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Geothermal Startup Will Put Carbon Dioxide to Good Use

March 23, 2011

Geothermal power holds enormous opportunities to provide affordable, clean energy that avoids greenhouse gases like carbon dioxide (CO2). That's because geothermal technologies rely on heat found under the Earth's surface to generate uninterrupted, low-cost renewable energy that is virtually emissions-free. Now, one Utah-based startup is working on an innovative project that could make geothermal power even more beneficial.

In February, GreenFire Energy began work to demonstrate a process that would use CO2 to harness geothermal energy to make electricity. What is more, the technology has the potential to add carbon sequestration—not to mention reduced water consumption—to the benefits already associated with geothermal power. The idea originally emerged several years ago from the work of geoscientist Donald Brown at DOE's Los Alamos National Laboratory. Karsten Preuss and others at DOE's Lawrence Berkeley National Laboratory have since advanced the theory. See the Energy Blog post.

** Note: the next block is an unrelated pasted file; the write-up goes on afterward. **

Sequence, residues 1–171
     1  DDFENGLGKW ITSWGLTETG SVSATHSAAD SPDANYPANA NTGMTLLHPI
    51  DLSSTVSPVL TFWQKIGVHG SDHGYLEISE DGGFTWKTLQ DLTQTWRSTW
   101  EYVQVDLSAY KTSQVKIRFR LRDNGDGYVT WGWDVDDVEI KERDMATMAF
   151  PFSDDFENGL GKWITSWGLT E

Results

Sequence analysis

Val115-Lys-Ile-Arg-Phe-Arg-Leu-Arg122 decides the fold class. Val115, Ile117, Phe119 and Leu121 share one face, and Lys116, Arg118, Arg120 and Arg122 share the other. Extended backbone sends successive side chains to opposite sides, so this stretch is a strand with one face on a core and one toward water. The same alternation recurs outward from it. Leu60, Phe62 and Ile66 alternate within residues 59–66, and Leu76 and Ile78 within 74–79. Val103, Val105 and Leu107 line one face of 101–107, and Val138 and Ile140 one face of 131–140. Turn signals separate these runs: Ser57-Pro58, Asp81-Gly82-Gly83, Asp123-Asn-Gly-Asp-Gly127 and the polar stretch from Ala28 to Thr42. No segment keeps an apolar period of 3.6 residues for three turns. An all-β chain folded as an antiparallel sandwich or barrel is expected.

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Content Last Updated: 02/03/2006